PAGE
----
Interview on Summer Glau by Telegram in 2016
Beauty. Brains. Bronze.
Whether she’s playing a mentally unstable psychic weapon on “Firefly,” a Terminator infiltration unit sent back in the past on “Terminator: The Sarah Connor Chronicles,” a chief computer programmer for an underground conglomerate on “Dollhouse” or a masked supervillain on “Arrow,” Summer Glau doesn’t merely tiptoe into a role. She dives in head first.
A classically trained ballet dancer, Glau - who is making her first Northeast convention appearance this weekend at the Rhode Island Comic Con - suffered a broken toe that made her hang up her pointe shoes and ended her pirouette career.
“In all honesty, I think I would have ended up being an actor even if I haven’t been injured,” the 35-year-old San Antonio native said via phone from her Los Angeles home. “As much as I love dancing and it was my identity for my entire childhood, I had some kind of feeling, some kind of instinct that I was going to be an actor.”
Glau credits this “instinct” as being instilled into her at an early age by her mother, who used to read a lot of science-fiction to an impressionable, home-schooled Summer, as well as being nurtured on a diet of classic movies, including two of her favorites, “Camelot” and “Gone with the Wind.”
“When I first came to LA, and I started going to different casting offices and different classes here and there, they would always say, ‘You have an Old World quality about you.’ And, I’d say, ‘Oh, yes. It’s my dream to be in period films,’ ” Glau recalled. “And a year down the road, I meet Joss Whedon (the creator of “Buffy the Vampire Slayer”) and I find myself in the world of science-fiction, which ended up treating me very well.”
In her first, guest-starring TV role, Glau played a prima ballerina forced to perform the same ballet for all eternity on “Waiting in the Wings,” a 2002 episode of the television series “Angel.”
As a dancer, Glau said the “Angel” experience was really special because it gave her an opportunity to dance excerpts from the classic French ballet “Giselle” (which she would never have had an opportunity to do in her native Texas) and it started her relationship with Whedon.
“When I first started, my representatives suggested that I not mention that I was a dancer because they really wanted me to be judged on my acting ability,” Glau recalled. “And in this case, Joss held a dance audition that I missed. So, my agent snuck me in the callback. I read for Joss first and something about my reading he connected with and he told the casting director, I’m just going to take a chance and cast her, whether she can dance or not. And, it turned out, I was a real dancer. I was much more trained as a dancer than an actress.”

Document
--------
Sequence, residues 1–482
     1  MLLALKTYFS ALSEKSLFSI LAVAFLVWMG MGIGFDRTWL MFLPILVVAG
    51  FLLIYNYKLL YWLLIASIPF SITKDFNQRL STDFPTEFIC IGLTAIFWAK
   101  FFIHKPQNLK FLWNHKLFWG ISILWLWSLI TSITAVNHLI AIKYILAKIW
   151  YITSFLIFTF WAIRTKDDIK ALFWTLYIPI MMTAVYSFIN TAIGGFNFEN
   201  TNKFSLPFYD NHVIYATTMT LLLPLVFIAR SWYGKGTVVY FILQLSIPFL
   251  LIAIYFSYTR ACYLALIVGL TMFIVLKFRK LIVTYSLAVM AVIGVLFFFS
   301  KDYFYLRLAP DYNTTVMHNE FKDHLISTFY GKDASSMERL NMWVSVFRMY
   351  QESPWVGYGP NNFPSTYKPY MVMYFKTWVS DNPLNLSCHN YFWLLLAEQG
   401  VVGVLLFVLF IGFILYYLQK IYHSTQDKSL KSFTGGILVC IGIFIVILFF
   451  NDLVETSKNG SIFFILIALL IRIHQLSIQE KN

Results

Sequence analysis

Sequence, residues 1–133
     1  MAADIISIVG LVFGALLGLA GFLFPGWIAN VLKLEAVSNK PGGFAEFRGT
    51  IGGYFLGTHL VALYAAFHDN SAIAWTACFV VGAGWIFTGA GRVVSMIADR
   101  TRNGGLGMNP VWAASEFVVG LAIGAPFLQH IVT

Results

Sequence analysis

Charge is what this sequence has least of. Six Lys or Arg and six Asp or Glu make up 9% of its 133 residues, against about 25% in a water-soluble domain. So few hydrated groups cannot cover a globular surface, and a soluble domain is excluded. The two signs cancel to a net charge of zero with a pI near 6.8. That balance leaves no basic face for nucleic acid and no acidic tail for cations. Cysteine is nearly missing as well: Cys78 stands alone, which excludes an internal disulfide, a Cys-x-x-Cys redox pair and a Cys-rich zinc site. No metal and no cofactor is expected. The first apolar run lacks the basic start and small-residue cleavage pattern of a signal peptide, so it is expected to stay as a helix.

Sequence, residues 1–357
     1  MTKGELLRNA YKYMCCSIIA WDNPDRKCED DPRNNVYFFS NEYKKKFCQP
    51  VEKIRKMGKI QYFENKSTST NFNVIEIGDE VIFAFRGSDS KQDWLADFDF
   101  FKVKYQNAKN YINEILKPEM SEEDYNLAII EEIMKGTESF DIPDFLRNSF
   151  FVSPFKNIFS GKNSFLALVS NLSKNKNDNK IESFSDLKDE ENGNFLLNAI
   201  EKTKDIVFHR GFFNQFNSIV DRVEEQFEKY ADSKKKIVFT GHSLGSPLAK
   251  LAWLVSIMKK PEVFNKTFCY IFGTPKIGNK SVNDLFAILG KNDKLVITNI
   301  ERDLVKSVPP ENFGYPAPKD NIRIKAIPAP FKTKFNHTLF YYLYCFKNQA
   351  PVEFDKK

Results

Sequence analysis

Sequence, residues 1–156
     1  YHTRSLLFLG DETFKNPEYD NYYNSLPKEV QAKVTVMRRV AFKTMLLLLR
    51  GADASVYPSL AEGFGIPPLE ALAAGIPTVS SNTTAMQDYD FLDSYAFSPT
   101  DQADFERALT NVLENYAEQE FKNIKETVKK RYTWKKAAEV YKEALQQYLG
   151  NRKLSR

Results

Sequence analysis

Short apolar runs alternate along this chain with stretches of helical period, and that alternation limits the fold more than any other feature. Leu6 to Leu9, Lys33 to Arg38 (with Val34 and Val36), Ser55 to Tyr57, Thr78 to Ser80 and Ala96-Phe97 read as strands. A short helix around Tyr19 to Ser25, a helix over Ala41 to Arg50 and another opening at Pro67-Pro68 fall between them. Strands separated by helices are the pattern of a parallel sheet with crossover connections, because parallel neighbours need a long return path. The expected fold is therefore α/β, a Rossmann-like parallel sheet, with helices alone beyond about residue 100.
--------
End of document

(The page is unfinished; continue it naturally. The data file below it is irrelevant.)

A few months after being cast in “Angel,” Glau auditioned in front of Whedon again for the role of River Tam on “Firefly.” Despite being canceled after only three months, the show built a massive cult following and forever changed Glau’s life.
“When I got the call that I was going to be cast as River, I was laying on the floor of my first little apartment, thinking, ’Oh, my goodness, I’m gonna have a real paycheck, I’m going to be able to go to the grocery store and not have to eat just powdered potatoes,” Glau said. “Joss absolutely changed my life and he has been a wonderful friend and mentor. He’s the first person to take a chance on me. And he gave me a chance to develop my ability and make it possible for me to change my career.”
On “Firefly,” Glau played a beautiful, brilliant, emotionally damaged and very dangerous killing machine. Obviously, Glau was already beautiful when she was cast as River but, when asked if she was already brilliant, emotionally damaged and a very dangerous killing machine, Glau unleashed a hearty laugh and said, “Maybe, a little bit of all of that sprinkled in.”
“There are definitely parts of me in River,” Glau said. “When I was cast as River, I only had two pages of dialogue and that was it. There was a character definition but there wasn’t a script. Yet, when I read those two pages, I felt I knew who she was. I felt I knew how I wanted to play this character. It came very natural.”
As for the unmistakable chemistry and comradery of her fellow “Firefly” castmates, Glau said it was all natural and spontaneous from the get-go.
“It was magical from the very start,” Glau said. “The dynamics of the characters felt like a family, a dysfunctional one but a real family. The stories were fun but they also had a lot of heart. You really went on for a ride with these characters.”
So what would it take for Glau to return to the “Firefly” universe? Glau said all it would take is a phone call.
“I think there’s always a chance,” she said of a possible “Firefly” reunion. “We never thought we get a movie (“Serenity”) made on a series that only lasted for 12 episodes and that came true. So I believe this story can do anything. I really do.”
While she was away from the spotlight to raise her daughter, Milena (who is now 20 months), Glau’s mentor Whedon has become the toast of Hollywood as the creative force behind “Marvel’s The Avengers” and its sequel, “Avengers: Rise of Ultron.” So why hasn’t Glau been cast as a superheroine or supervillain in the Marvel cinematic universe?
“I guess there’s a long, long, long line of amazingly talented women who have been waiting to work with Joss,” Glau said. “I’m just waiting for when they call in sick because then I would be available.”